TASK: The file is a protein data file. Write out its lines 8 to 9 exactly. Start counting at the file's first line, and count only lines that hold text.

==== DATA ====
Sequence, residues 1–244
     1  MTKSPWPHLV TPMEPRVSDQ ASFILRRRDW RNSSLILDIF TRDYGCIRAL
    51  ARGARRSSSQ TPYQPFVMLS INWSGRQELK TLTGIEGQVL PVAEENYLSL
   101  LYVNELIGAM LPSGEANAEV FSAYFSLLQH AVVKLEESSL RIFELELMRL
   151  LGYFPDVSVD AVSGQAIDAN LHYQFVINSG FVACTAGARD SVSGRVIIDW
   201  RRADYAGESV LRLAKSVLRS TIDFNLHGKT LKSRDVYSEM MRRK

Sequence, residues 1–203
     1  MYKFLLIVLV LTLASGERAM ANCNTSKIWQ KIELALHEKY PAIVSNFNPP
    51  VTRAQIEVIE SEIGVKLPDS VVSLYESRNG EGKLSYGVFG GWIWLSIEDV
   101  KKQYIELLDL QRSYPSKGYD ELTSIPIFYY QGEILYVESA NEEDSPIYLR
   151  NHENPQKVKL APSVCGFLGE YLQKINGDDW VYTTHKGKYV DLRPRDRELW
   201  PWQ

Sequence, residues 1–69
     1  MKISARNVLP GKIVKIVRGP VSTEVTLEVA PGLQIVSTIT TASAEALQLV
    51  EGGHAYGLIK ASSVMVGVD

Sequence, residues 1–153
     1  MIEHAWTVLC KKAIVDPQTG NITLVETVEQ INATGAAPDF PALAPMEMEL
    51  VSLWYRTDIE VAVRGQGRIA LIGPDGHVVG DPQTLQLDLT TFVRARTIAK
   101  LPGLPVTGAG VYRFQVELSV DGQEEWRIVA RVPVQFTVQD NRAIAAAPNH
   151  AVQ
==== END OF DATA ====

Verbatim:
     1  MYKFLLIVLV LTLASGERAM ANCNTSKIWQ KIELALHEKY PAIVSNFNPP
    51  VTRAQIEVIE SEIGVKLPDS VVSLYESRNG EGKLSYGVFG GWIWLSIEDV